Small Talk: Writing Stories


Aug 4, 2019


Illustration by Shreyaa Krritika Das

Niece – You want help?

Me – No.

Niece – I can help. I’m good at writing stories.

Me – I don’t think you can help with this one.

Niece – Why? I know lots of words. And also animals.

Me – This doesn’t have any animals in it. And the words are weird enough as it is.

Niece – Put ‘piano’ in it. Put ‘cabbage.’

Me – You want me to just randomly mention pianos and cabbage in my story.

Niece – Ya.

Me – That might work, actually.

Niece – Then say there was a mosquito. And his name is Suresh.

Me – I’m not adding a mosquito named Suresh in my story.

Niece – Why?

Me – Because I feel I have to draw the line somewhere and that seems like a good place to draw it.

Niece – What about a elephant?

Me – No.

Niece – Two elephant.

Me – Dude, if you don’t leave me alone, I’m going to shave your head.

Niece – Write “Once there was a elephant. And a shoe rack.” Write.

Me – I’m not putting a shoe rack in my story.

Niece – Why?

Me – Because …. Well, I guess I could, actually.

Niece – What kind of story is it?

Me – I have no idea.

Niece – Is it so scary story?

Me – I guess not so much scary as … not-making-much-sense? Which usually means it’s done.

Niece – Does it have cockroach in it?

Me – Not yet.

Niece – You should put one.

Me – Will you leave me alone if I do?

Niece – Ya. And a crocodile.

Me – Okay. “The fading light on the old ancestral home looked like a cockroach and also like a crocodile.”

Niece – It’s nice. Now put elephant.

Me – Actually maybe we should … hm.

Niece – What happened to all the words?

Me – I deleted them.

Niece – What means deleted.

Me – I made them disappear. I can bring them back though, no big deal. Like this. Like … this. This…. Oh my god, what the f— come back!

Niece – What happened?

Me – I just deleted everything!

Niece – Why?

Me – Because I’m stupid!

Niece – You said stupid.

Me – Oh my god, what did I just do!

Niece – You said stupid.

Me – Oh. My. God.

Niece – Yesterday I said bum.

Me – Dude, that was almost 3,000 words!

Niece – No.

Me – Yes!

Niece – You can’t write so many words.

Me – Um, I just did. Before I deleted them all. Like an idio… syncracy.

Niece – Where you got so many words but.

Me – This is not the time for your weird questions.

Niece – Why?

Me – I was supposed to submit that tomorrow oh my god.

Niece – Why you always say oh my god.

Me – Oh my hecking god!

Niece – What’s a hecking god?

Me – I have to try and get this back. Away with you, little dude! Go do something.

Niece – I write another story. I be very quiet.

Me – Please, gods, give me back my story, please please please.

Niece – Write “Oh my god.”


Niece – Why you lying down?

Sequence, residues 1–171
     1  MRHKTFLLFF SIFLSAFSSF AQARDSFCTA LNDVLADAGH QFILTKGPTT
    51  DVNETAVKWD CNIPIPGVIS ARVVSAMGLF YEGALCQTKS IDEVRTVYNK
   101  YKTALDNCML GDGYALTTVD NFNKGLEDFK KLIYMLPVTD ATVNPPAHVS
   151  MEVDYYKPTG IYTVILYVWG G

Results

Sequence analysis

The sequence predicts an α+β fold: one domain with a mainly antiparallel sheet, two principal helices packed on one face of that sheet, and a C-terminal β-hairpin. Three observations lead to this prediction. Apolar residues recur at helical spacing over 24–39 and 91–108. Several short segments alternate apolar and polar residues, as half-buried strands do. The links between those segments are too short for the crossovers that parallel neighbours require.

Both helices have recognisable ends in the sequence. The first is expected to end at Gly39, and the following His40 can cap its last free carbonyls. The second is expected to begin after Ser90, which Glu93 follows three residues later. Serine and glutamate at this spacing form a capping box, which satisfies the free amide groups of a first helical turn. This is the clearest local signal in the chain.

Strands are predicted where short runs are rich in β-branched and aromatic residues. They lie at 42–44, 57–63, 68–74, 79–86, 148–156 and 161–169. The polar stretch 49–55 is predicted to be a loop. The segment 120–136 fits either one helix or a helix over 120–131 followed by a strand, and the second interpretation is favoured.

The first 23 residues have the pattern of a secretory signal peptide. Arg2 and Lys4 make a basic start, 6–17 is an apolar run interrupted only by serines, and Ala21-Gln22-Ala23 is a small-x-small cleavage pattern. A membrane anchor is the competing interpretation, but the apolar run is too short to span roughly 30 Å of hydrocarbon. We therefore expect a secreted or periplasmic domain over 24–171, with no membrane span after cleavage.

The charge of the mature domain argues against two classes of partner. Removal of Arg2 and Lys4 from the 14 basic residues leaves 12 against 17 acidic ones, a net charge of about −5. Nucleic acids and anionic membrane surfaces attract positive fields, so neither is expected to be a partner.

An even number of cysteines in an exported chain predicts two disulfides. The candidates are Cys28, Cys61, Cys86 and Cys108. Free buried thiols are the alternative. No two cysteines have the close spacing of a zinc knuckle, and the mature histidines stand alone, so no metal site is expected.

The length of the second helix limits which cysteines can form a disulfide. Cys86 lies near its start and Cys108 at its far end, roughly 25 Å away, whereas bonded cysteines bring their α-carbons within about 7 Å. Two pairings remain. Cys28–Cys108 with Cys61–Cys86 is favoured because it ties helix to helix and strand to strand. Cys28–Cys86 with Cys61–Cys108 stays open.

Me – Because I just lost a 3,000-word story somewhere in the wilds of my computer and I can’t find it.

Niece – Hm?

Me – All the words are gone, little dude.

Niece – Because you made them disappear.

Me – Yes.

Niece – Because you are stupid.

Me – I totally am.

Niece – I wrote a story.

Me – Aw, for me? To help me out?

Niece – No, it’s for me. I read it to you?

Me – Why not.

Niece – Once upon a time, there was a shoe rack and a elephant.

Me – An elephant.

Niece – Ya, an a elephant. They were best friends. They ate curd rice and chips. One day the shoe rack died.

Me – How does a shoe rack die?

Niece – He got sick.

Me – How does that happen?

Niece – Then the elephant was so angry. And he stepped on the cockroach.

Me – What cockroach?

Niece – That one that was there. And the elephant died.

Me – Why is there so much death in your stories?

Niece – You like it?

Me – I liked the curd rice and chips part.

Niece – What was your story?

Me – It was probably about unhappy people who have weird things happen to them. I can’t really remember, actually.

Niece – You should write about shoe rack.

Me – Maybe you’re right.

Niece – I can draw one for you.

Me – Ok, let’s assess my current situation, shall we? I have a submission deadline tomorrow and I no longer have a story to submit.

Niece – Amma bought chips yesterday.

Me – Really?

Niece – Ya. There’s curd also.

Me – Your Amma doesn’t like you eating curd rice and chips.

Niece – Ya, but you lost all the words. And there’s chips.

Me – I can’t argue with any of that. Okay, come on, little dude. Let’s have curd rice and chips and take a nap.

Niece – You can have my story if you want.

Me – Really?

Niece – Ya.

Me – That’s really sweet. Thanks, little dude.

Niece – It’s okay. It’s not so good.

Small Talk chronicles conversations between the author and her niece that could, in an alternate universe or in this one, be real.


Written By Kuzhali Manickavel

Kuzhali Manickavel’s collections “Things We Found During the Autopsy,” “Insects Are Just like You and Me except Some of Them Have Wings,” and chapbooks “The Lucy Temerlin Institute for Broken Shapeshifters Guide to Starving Boys” and “Eating Sugar, Telling Lies” are available from Blaft Publications, Chennai. Her work has also appeared in Granta, Strange Horizons, Agni, Subtropics, Michigan Quarterly Review and DIAGRAM. She used to blog at http://thirdworldghettovampire.blogspot.com/.


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